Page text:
I am seeking advice about how to construct a charging circuit for 1.2v 1200mah ni-cad batteries. I have around 60-70 of these batteries and I want to create a bulk charging circuit so I can charge 5 or more (preferably 10 or so) at once while still being able to charge only 1 at a time if that is all that needs to be charged.

I found this schematic:

Schematic using a lm317

and a descriptive post here: http://www.electro-tech-online.com/threads/help-me-build-a-simple-nicad-charger.90780/#post-714659

about the math behind the charging for the original posters circumstances, but I am wondering if I can simply parallel the load to multiple batteries to charge many at once. I am sure the LM317 can handle 10 batteries at 120ma charge rate.

Overall question: Is it possible to use that schematic and parallel the load to multiple batteries? Also is this math correct as per the following details:

Battery         -> 1.2v 1200mah
Charge rate     -> 0.1C*1200mah = 120ma
Charge time     -> (1.4 * 1200mah) / 120ma = 14 hours
R1              -> 1.25v / 0.120ma = 10.416Ω
DC supply input -> (1.2v * 1cell) + 2v = 3.2v or higher

How many watts should R1 be in this situation? Is it also safe to increase the charge rate from 0.1C to 0.2C or 0.3C? I don't have any way to monitor the batteries temperature. These batteries were manufactured in 2011 so they are pretty new (if it makes a difference).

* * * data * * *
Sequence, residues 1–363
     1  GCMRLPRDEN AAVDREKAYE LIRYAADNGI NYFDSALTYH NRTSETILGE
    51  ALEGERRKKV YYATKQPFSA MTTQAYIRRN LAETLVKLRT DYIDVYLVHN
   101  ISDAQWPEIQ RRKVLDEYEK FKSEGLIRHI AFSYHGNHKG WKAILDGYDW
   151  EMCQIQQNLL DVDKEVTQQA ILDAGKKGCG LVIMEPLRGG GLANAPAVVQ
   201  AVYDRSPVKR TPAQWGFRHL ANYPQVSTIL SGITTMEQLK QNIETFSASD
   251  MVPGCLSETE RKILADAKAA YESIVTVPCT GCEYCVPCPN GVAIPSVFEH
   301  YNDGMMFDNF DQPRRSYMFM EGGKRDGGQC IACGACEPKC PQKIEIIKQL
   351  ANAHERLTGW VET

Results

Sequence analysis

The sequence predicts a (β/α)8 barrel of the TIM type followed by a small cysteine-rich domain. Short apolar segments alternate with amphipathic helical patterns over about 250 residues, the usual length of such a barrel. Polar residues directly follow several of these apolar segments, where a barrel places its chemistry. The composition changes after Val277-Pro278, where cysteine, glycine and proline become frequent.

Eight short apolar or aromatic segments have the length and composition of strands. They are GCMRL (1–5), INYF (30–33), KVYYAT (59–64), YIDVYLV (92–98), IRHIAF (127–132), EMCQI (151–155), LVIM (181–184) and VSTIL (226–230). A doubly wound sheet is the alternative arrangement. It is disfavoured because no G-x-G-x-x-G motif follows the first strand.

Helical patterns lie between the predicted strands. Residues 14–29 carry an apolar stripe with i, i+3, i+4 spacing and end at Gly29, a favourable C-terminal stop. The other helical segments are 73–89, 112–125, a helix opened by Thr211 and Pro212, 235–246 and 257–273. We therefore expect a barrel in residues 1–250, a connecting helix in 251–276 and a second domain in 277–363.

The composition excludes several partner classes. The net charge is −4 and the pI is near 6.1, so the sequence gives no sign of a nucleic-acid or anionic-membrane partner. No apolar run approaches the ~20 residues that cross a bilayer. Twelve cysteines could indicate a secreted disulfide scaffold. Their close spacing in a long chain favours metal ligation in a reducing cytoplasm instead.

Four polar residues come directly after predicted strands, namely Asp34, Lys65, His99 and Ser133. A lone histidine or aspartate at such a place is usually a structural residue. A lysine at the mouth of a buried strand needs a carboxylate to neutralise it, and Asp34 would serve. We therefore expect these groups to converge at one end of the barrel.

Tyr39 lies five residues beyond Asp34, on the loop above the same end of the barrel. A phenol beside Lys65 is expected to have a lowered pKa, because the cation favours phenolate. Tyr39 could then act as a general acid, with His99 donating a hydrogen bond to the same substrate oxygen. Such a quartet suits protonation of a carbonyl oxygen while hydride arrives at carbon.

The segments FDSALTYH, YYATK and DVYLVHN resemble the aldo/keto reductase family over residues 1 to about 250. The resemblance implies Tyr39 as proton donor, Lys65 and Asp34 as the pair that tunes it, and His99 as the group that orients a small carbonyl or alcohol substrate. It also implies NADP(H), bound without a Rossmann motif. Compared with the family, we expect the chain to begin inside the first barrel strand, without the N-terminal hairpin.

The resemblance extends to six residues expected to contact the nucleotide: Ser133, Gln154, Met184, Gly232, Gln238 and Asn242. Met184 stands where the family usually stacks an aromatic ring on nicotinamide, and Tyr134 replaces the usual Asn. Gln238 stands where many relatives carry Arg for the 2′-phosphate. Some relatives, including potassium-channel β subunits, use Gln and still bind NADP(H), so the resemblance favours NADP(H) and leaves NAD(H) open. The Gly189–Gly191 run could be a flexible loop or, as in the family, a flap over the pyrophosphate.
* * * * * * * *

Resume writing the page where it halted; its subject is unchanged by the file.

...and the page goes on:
• \$\begingroup\$ useful background information: Charging Nickel-cadmium. \$\endgroup\$ – Nick Alexeev Feb 5 '16 at 0:48
  • \$\begingroup\$ @NickAlexeev Thanks for the post it was insightful although I won't be implementing any of those features for this bulk battery charger. I will simply trickle charge them at a low rate for a predetermined time in which a timer will cut the mains to the charging circuit. \$\endgroup\$ – randy newfield Feb 5 '16 at 1:25

How many watts should R1 be in this situation?

Watts = V2/R or I2*R, which works out to 0.15W. In order to keep surface temperature down and increase reliability you should double that to get the resistor rating, ie. 0.3W or higher.

Is it also safe to increase the charge rate from 0.1C to 0.2C or 0.3C? I don't have any way to monitor the batteries temperature.

Charging at much higher than 0.1C may cause the batteries to overheat once they reach full charge. However it should be safe at 0.2C if you time the charge and stop when a little over 1200mAh has been put in. This is recommended even at lower charge rates, because Nicads suffer voltage depression when overcharged.

Is it possible to use that schematic and parallel the load to multiple batteries?

The cells must be wired in series, not parallel. Each cell will reach ~1.5V at full charge, and the regulator needs about 3V of headroom, so with 10 cells in series your power supply will have to deliver at least 18V.

Now what happens when you try to charge a single cell with the same power supply? The regulator then has to drop 15.25V @ 0.12A, so it will dissipate ~18W. This is doable, but a very large heatsink will be required to stop it from overheating. It would be better to lower the supply voltage when charging fewer cells.

| improve this answer | |
  • \$\begingroup\$ Perfect thank you. I will keep that in mind when charging fewer cells to swap out the power supply with a lower voltage one (I will also have a fairly decent heatsink on it anyways). How much over 1200mah should I charge the batteries. With the link I provided they say 40% over charge should be used. \$\endgroup\$ – randy newfield Feb 5 '16 at 1:54